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Wednesday, October 1, 2003



Funding difficulties
close trial hemp farm

Investors hesitated because
the DEA would only issue
the project interim permits


A 4-year-old experimental hemp farm on a quarter acre of land in Wahiawa has been shut down because investors declined to continue funding the project.

State Rep. Cynthia Thielen (R, Kaneohe-Kailua), who has promoted hemp as an industrial product, said the small farm was closed because the federal Drug Enforcement Administration would only give the farm a temporary permit and investors were not sure of the project's viability.

"The DEA's action on the temporary permits put the project into a nebulous status and it raised questions," Thielen said.

The state Legislature in 1999 authorized the project to investigate the use of hemp for industrial and commercial purposes. Former Gov. Ben Cayetano had welcomed the proposal and even joined in planting the first hemp plants.

The farm started with a $200,000 grant from Alterna Professional Hair Care Products, which markets a hemp-based shampoo, and then a series of smaller private donations, Thielen said.

The DEA and the White House's Office of National Drug Control Policy initially opposed the research project, saying hemp farming would send the wrong signal to young people and would allow marijuana farmers to hide their crops with industrial hemp plants.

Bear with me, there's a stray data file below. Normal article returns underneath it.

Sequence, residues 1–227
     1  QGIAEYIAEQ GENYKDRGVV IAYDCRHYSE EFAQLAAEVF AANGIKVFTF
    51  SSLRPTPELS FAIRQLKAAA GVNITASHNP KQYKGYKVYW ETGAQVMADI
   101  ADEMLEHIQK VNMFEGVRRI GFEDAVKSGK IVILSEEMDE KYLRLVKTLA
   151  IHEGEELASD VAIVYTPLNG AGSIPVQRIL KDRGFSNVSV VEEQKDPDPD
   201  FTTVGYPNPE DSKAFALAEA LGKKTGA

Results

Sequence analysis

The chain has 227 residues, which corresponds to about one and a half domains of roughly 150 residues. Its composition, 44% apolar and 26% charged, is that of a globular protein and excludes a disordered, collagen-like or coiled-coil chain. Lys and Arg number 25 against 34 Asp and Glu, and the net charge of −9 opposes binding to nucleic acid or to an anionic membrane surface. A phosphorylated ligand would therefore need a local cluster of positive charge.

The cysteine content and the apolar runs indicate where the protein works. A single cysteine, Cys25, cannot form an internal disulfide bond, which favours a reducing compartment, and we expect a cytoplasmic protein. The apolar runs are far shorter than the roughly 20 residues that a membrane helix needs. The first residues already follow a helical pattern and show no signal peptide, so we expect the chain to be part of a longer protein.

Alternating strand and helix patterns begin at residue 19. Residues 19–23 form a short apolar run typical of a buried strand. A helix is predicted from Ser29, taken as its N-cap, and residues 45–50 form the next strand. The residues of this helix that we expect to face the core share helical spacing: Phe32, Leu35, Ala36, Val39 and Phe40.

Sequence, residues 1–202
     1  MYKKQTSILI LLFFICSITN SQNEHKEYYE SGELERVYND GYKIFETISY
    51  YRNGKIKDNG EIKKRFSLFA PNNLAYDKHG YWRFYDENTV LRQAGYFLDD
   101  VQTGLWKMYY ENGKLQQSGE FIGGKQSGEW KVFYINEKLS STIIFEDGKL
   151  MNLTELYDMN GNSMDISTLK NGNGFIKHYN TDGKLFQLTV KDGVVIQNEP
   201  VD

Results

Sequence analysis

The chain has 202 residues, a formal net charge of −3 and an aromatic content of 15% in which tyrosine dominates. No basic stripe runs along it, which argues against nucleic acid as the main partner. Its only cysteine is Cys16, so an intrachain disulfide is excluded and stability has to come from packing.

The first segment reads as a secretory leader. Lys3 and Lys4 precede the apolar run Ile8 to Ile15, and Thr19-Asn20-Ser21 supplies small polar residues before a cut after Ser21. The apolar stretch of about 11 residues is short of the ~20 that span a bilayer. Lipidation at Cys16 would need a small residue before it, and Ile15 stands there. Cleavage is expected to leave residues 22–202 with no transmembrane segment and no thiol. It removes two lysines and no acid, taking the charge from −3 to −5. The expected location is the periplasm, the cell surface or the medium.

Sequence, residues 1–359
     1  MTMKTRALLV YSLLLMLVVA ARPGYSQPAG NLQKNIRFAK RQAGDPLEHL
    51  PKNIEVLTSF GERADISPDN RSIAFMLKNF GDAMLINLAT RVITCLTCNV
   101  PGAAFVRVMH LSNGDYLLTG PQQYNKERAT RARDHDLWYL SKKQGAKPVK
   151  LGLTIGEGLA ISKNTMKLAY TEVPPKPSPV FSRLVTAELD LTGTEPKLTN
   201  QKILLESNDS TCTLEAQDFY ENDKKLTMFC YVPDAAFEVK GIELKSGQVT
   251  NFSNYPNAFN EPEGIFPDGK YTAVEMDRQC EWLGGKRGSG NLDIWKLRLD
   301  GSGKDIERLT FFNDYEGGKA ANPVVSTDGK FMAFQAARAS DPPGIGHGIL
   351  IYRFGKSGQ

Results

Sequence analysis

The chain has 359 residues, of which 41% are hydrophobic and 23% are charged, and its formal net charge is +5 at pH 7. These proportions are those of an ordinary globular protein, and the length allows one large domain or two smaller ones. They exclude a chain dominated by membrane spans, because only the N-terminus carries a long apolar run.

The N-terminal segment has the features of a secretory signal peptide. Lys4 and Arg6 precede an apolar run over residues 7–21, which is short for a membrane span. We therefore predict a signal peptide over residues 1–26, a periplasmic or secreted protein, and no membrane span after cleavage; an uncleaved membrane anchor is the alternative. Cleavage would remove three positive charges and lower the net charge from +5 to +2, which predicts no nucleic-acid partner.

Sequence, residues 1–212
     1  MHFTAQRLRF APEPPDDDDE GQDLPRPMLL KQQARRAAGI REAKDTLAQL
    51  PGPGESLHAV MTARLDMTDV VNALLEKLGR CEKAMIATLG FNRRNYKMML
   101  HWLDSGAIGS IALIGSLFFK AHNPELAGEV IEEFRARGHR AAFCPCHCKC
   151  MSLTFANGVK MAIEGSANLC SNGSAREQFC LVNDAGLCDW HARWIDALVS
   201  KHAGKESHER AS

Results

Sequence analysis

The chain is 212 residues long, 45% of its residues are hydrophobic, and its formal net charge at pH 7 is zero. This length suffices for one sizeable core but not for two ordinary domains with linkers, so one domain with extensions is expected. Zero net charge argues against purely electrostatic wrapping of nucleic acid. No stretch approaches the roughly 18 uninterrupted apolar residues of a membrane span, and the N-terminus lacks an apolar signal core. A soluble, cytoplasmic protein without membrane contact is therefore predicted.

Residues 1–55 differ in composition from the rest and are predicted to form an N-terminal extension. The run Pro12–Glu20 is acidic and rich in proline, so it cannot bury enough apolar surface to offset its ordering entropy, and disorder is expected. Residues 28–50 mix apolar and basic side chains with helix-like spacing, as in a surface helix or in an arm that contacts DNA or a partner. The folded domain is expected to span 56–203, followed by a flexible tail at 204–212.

Because hemp is a relative of marijuana -- containing only traces of tetrahydrocannabinol, the hallucinogenic found in marijuana -- it is illegal to cultivate.

But Thielen said: "You could roll a joint as big as a telephone pole and you wouldn't get high."

Her son, Peter, who manufactures hemp clothes on Kauai, had convinced Thielen that it would be a good alternative crop for Hawaii, but Thielen says the project has closed.

"We gave it a valiant try, but ultimately, because of inaction by the federal government, we were unable to continue. Canada and France and other countries will be making the money," Thielen said.

The decision to cancel the project was made by David West, the hemp project director and principal investigator, who voluntarily surrendered his hemp growing license.

Briane Grey, DEA assistant special agent in charge, said yesterday that the DEA supervised the destruction of the remaining six pounds of hemp seeds and hemp plants at the Wahiawa facility.


The Associated Press contributed to this report.

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